Star-of-Bethlehem, rough farmland, Suffolk
3- merous flower
Flattened stamens, 3-lobed stigma
Papery bracts, broad green stripe on petals
6- segmented capsule
May to June
It is found mainly in southern areas and East Anglia.
It is scattered elsewhere.
For a map see the National Biodiversity Network Gateway
It grows on rough farm land and grassy banks, and in open
It is probably a neophyte, introduced to England in the 1540s
and recorded in the wild by the 1650s.
Clapham, Tutin and Warburg, in their Flora of the British Isles
(1957), suggested that it is native in East Anglia.
Star-of-Bethlehem is a sprawling, perennial, bulbous herb,
growing up to 30cm.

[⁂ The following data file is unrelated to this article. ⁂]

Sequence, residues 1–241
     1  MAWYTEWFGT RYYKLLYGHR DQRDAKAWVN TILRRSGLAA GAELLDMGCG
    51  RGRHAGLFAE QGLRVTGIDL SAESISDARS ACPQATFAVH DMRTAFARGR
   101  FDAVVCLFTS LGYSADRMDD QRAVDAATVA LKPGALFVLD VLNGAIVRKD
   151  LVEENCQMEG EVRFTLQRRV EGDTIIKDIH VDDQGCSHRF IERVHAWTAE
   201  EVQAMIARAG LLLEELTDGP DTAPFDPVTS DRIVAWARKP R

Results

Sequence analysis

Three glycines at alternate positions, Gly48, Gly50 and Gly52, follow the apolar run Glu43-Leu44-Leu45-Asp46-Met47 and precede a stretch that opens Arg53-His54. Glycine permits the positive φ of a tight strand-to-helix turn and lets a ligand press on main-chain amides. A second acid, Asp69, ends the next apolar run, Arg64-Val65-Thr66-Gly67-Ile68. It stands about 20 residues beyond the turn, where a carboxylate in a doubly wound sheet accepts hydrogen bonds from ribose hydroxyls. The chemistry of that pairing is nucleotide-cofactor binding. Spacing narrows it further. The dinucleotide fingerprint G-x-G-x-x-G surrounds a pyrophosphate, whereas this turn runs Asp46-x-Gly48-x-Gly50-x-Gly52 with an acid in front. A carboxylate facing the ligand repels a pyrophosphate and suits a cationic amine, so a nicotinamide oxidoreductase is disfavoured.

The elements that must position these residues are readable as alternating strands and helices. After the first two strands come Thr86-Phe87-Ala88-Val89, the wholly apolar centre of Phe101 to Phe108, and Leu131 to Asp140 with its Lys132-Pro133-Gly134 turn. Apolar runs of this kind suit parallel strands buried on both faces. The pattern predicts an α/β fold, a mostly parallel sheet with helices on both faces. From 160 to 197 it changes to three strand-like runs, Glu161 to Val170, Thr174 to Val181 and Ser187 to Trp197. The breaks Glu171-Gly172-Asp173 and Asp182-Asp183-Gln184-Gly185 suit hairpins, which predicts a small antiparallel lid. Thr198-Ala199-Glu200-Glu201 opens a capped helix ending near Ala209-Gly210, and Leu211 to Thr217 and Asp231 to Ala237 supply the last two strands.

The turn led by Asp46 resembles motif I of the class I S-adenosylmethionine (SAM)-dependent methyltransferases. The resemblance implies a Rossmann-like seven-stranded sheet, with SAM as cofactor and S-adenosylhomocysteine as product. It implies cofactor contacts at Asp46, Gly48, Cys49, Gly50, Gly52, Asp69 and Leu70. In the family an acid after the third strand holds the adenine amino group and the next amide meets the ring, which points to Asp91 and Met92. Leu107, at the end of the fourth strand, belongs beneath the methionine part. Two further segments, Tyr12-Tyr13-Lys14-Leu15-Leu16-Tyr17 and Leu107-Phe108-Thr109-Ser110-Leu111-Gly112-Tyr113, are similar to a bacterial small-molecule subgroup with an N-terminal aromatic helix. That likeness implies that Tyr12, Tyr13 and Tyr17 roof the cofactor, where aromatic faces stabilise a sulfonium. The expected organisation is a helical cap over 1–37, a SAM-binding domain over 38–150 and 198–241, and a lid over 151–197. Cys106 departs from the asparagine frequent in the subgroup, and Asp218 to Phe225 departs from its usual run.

Between 5 and 15 flowers are on a a main stem, which is up
to 30cm long.
Individual flower stems are up to 10cm.
Flowers are up to 38mm and have 6 bright white petals, which
mainly open in sunshine.
The back of the petals has a broad green stripe.
The filaments of the 6 stamens are flattened and have yellow
The capsule has 6 segments, is oval and up to 1cm.
Bracts are thin and almost white.
The leaves are up to 30cm and grooved with a white mid-rib
They are not shown here as they had already shrivelled and
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